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Air France evaluates A330neo as A380 replacement

Air France-KLM intends to replace the French flag carrier's fleet of 10 Airbus A380s with no more than nine long-haul twinjets.

Chief executive Ben Smith said during a results briefing today that the group was in "advanced" talks with Airbus about ordering A330-900s or A350-900s and with Boeing about a possible deal for 787-9s as replacements for the double-deck type.

On 30 July, Air France-KLM disclosed that it would phase out the A380 by 2022 under an "accelerated" retirement plan. The group had previously decided to decommission an initial three A380s.

The 10 aircraft will be "progressively" retired, and the last will leave the fleet in 2022, notes chief financial officer Frederic Gagey.

Smith argues that opportunities for profitable deployment of the A380 are "limited due to high cost of operation in addition to challenges faced in terms of operational performance" of the type.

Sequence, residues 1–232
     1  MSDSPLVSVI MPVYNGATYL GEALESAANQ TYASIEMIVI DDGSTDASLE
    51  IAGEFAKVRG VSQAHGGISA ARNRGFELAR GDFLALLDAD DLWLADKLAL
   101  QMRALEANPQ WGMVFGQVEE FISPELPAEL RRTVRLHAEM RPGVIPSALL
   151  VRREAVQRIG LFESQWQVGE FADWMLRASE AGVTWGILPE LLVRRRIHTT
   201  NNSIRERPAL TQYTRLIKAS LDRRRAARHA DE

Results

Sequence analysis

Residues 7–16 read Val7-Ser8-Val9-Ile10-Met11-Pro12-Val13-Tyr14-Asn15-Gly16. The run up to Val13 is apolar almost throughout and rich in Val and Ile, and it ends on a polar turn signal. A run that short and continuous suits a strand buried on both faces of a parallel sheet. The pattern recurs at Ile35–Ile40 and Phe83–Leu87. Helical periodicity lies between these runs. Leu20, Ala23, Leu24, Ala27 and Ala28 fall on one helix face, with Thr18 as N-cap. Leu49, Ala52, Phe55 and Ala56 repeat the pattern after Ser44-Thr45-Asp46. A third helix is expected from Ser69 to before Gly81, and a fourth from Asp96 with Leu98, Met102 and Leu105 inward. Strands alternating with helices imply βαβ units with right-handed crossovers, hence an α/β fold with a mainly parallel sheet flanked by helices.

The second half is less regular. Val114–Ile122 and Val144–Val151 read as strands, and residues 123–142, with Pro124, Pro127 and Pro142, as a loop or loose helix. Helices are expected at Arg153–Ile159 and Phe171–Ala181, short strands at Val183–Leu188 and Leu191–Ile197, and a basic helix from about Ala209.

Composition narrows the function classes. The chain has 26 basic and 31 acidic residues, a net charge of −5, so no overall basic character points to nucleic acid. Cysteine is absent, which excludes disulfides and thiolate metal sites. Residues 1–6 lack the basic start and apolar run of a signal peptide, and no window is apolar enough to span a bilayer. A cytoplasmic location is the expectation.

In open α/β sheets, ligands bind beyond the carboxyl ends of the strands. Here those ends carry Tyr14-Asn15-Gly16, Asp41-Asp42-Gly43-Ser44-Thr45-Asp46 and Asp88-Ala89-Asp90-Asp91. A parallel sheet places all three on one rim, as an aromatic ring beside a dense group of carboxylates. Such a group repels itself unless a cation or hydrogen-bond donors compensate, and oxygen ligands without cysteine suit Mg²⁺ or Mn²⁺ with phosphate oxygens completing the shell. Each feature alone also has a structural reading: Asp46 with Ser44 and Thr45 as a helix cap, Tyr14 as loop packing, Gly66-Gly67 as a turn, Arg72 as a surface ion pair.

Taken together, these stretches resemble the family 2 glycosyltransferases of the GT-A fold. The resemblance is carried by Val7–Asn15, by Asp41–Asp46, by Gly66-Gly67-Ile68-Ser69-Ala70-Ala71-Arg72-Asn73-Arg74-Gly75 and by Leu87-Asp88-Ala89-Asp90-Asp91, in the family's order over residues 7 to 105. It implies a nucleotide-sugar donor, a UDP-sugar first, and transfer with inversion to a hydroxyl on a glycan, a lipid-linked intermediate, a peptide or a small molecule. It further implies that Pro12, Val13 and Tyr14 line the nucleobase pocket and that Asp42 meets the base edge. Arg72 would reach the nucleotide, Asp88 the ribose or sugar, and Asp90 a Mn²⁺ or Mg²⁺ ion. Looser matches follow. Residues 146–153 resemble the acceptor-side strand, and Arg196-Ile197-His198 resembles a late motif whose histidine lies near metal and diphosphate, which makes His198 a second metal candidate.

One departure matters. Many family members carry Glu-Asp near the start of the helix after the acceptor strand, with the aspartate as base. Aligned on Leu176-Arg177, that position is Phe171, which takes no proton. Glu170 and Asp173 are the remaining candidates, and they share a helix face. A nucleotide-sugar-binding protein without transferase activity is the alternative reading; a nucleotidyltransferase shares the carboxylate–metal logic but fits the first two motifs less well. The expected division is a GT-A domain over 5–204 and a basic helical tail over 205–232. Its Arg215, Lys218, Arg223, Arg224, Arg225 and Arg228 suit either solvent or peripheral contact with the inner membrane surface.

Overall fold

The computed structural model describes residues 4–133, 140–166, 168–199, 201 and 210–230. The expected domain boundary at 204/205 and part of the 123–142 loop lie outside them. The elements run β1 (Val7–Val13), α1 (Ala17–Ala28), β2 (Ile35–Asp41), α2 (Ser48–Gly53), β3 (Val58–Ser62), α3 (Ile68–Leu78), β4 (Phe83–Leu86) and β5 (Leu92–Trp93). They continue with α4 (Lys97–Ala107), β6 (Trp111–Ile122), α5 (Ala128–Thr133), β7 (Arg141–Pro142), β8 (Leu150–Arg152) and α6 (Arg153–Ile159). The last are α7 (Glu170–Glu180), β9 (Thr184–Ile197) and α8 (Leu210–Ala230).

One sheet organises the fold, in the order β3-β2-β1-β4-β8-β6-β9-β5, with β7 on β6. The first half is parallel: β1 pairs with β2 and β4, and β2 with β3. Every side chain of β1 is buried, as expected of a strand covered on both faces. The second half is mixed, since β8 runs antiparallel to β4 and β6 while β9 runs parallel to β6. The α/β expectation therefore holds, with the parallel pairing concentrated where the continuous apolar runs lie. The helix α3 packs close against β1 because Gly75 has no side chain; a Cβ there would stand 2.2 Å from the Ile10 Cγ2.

He describes the prospect of having seven A380s as "suboptimal" because operation of six units would require "a minimum" of one spare aircraft.

Furthermore, he says, the airline's A380s would require cabin refurbishments, which would cost "upwards of €35 million" ($39 million) per aircraft, and 12-year maintenance checks, which would bring total expenditure for each aircraft to €85 million.

Air France-KLM foresees that retirement of its A380s will generate capital-expenditure savings around €400 millions. But the airline also sees one-off costs of the same magnitude – largely as a result of faster depreciation of the long-haul jets – for the 2019-22 period.

From 2022, the type's withdrawal will generate "positive equity" for the group, Smith predicts.

He says that Air France-KLM is under "absolutely no pressure" to make an immediate decision about the A380s' replacement, and has "plenty of flexibility".

A new long-haul order could be combined with a potential replacement of older widebodies in Air France-KLM's fleet, beyond the A380.

"Were the right offer to come in from Boeing or Airbus, we would look to replace other aircraft," Smith says. But he adds: "We are being very conservative on capex."

He insists: "Nine aircraft would be the maximum to replace the A380."

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